Four awarded Critical Language Scholarships from U.S. State Department
Located more than 100 miles away from New York City, New London, Conn., may seem an unlikely source of information relevant to the events of September 11, 2001. But when Associate Professor of History Jim Downs asked students in his new course, "Historicizing 9/11 Internationally and Locally," to interview local residents about their experiences and reactions to 9/11, they found New Londoners who remain haunted by the attacks and had worthwhile stories to share.
Their stories were so compelling, in fact, that the students compiled them into a documentary titled "Historicizing 9/11: New London." The film premiered to a full house at the College on May 8 and will be added to the archives of the New London Historical Society.
"This project offers a rare opportunity for ordinary people's lives to be captured in the archive," said Downs, who wrote an article about the film for the Huffington Post. "Without it, many of these people's experiences, reactions and history would be lost. The students have created a unique opportunity to leave a record of the present for the future."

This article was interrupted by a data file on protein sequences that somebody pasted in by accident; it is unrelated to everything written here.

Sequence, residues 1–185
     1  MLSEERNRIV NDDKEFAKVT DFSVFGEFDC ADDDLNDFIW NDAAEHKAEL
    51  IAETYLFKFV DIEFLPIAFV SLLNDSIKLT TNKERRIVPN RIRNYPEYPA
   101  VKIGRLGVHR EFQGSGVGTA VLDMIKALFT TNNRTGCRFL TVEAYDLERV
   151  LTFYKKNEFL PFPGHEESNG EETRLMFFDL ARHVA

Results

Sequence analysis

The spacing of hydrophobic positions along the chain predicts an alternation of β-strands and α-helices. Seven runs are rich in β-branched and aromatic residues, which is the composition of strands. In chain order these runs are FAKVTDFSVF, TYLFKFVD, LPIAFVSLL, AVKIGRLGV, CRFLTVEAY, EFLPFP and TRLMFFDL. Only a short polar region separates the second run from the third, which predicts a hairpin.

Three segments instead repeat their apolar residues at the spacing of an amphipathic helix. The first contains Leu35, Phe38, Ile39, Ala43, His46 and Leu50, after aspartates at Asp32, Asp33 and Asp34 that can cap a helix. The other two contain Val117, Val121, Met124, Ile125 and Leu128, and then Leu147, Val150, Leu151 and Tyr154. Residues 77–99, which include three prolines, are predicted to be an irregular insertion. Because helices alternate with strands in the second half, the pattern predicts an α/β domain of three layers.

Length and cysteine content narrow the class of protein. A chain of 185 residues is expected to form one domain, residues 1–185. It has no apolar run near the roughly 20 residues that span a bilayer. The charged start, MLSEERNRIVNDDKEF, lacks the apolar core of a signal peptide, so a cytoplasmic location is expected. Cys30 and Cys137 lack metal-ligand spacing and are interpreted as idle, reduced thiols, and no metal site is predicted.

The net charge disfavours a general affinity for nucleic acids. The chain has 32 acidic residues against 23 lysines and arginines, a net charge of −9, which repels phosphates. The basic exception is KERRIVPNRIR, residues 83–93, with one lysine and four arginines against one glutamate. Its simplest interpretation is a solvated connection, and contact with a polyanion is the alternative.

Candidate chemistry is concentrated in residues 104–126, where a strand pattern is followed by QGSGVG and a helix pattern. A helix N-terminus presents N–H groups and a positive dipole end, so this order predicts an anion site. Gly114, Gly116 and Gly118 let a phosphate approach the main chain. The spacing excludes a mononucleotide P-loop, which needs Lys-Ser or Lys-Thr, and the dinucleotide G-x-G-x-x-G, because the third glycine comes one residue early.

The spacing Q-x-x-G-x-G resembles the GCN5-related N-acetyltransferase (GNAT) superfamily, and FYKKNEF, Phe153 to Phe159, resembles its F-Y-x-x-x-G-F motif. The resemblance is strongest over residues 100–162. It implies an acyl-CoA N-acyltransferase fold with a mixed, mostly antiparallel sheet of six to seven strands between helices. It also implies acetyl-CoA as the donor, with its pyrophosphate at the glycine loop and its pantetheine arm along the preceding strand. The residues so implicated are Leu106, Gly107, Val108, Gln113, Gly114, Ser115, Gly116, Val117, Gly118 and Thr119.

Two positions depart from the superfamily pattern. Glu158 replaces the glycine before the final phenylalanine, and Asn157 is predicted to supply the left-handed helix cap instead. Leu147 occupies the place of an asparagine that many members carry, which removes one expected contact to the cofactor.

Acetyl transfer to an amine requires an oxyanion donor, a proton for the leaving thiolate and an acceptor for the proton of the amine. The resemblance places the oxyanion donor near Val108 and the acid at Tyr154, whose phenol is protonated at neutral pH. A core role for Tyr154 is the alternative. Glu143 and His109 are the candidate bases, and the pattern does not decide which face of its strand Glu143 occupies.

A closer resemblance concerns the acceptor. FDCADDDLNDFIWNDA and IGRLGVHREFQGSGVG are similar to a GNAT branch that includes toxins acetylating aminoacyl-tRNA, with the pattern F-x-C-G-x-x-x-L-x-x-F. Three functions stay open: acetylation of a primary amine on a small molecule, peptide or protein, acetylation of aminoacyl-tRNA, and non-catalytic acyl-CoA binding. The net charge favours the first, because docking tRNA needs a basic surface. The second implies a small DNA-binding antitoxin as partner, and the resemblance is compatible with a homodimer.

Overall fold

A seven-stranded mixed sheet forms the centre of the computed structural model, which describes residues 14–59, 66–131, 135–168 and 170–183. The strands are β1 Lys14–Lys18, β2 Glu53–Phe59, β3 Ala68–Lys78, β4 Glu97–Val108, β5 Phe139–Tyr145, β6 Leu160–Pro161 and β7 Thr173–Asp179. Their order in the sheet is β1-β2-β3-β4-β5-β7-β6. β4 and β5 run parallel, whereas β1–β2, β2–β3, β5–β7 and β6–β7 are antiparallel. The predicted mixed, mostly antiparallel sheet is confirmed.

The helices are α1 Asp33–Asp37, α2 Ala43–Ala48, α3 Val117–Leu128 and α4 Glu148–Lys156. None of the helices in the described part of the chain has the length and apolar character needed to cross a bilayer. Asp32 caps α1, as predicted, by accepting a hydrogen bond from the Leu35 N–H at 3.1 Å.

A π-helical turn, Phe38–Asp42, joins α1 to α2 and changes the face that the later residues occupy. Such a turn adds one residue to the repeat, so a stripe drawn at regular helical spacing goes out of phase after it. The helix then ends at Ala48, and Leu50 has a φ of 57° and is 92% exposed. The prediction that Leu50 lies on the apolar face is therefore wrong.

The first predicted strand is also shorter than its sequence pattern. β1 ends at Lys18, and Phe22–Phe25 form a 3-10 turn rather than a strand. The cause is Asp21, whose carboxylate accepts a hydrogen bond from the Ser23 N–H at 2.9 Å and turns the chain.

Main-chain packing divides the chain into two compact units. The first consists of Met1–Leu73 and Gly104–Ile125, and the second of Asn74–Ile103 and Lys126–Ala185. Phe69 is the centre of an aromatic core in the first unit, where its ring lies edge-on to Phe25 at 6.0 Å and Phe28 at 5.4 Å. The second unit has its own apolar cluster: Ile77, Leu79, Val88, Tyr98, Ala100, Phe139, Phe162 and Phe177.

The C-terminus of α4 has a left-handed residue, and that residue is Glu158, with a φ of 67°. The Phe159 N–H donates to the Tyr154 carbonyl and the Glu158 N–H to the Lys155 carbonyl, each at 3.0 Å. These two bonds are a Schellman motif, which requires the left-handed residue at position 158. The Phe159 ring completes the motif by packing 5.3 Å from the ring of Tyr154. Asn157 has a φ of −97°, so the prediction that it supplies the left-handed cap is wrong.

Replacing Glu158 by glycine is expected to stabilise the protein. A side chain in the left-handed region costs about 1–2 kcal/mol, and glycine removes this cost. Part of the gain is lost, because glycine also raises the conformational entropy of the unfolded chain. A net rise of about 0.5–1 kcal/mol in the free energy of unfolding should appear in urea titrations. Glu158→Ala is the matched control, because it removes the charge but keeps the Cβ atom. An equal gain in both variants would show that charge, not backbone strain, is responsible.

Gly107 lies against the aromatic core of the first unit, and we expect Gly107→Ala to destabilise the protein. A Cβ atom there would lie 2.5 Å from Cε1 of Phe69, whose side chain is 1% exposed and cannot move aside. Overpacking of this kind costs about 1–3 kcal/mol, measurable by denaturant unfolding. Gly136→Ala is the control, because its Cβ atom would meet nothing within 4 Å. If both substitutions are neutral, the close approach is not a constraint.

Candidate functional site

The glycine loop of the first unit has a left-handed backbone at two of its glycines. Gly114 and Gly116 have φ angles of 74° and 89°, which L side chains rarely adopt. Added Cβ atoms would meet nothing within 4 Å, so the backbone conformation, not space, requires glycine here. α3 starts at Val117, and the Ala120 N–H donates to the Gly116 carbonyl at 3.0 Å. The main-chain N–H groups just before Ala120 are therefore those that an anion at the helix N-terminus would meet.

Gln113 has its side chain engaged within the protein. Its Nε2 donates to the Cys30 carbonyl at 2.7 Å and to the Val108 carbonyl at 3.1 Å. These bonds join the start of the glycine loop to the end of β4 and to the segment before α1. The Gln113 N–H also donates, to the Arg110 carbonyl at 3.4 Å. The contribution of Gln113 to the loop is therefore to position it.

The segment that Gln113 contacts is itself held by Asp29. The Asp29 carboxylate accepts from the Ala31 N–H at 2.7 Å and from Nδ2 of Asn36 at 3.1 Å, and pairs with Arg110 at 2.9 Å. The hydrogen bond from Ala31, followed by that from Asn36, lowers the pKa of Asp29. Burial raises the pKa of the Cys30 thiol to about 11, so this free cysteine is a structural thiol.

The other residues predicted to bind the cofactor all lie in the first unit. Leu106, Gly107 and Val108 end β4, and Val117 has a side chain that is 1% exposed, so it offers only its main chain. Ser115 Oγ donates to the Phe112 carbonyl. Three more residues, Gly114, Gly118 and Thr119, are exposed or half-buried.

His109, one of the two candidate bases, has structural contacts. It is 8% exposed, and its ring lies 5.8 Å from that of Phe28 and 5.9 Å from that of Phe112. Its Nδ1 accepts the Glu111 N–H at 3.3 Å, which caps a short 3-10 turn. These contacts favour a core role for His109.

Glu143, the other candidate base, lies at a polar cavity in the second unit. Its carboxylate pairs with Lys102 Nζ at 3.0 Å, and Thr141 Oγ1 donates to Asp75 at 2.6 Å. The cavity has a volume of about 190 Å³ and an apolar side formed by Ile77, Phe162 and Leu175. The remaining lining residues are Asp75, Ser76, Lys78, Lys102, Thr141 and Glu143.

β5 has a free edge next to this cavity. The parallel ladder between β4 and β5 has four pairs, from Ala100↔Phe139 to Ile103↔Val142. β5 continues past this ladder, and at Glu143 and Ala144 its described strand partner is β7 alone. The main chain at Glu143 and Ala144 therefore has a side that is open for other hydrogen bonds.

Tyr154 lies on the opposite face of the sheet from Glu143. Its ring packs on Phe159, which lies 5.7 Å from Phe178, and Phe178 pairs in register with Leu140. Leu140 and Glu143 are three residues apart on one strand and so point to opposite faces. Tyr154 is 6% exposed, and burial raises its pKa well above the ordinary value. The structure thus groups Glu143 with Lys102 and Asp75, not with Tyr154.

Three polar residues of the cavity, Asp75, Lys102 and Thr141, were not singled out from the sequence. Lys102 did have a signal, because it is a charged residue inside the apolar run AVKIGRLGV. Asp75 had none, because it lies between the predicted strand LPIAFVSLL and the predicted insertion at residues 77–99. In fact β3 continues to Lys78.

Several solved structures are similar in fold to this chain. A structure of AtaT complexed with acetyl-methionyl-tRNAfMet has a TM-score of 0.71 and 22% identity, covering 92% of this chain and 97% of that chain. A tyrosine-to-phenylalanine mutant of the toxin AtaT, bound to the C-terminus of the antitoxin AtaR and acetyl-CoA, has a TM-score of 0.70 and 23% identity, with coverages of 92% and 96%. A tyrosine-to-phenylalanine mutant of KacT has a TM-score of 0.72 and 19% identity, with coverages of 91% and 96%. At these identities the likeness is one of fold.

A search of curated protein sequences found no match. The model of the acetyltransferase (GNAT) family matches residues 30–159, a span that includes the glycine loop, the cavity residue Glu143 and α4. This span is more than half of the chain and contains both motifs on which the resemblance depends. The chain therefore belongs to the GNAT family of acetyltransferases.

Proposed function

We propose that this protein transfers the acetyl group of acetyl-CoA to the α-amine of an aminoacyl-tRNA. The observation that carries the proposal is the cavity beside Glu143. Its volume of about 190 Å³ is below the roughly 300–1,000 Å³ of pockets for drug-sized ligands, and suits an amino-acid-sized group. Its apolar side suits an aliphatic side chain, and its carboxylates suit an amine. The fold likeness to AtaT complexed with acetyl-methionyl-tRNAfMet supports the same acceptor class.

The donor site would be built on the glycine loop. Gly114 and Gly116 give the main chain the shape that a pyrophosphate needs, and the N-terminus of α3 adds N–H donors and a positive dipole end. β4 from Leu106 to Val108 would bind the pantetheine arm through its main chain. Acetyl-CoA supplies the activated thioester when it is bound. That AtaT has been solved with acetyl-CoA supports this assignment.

And that record will be left on film, not a medium with which the students are familiar. "We're not film studies students," said Andrew Nathanson '13, one of 30 students involved in the production of the documentary. "Everybody had a different background coming into this project. From the interview stage to the actual production of the movie, we all took on roles that fit our specific strengths."
Downs said those roles included interviewing, editing, producing, even creating a public relations media team. Nathanson and Melanie Thibeault '14 did a press junket for the radio the morning of the documentary and were interviewed by the New London Patch. The New London Day also picked up the story.
"The students got the opportunity to learn how to not only make a film but also how to edit it, produce it and publicize it," Downs said.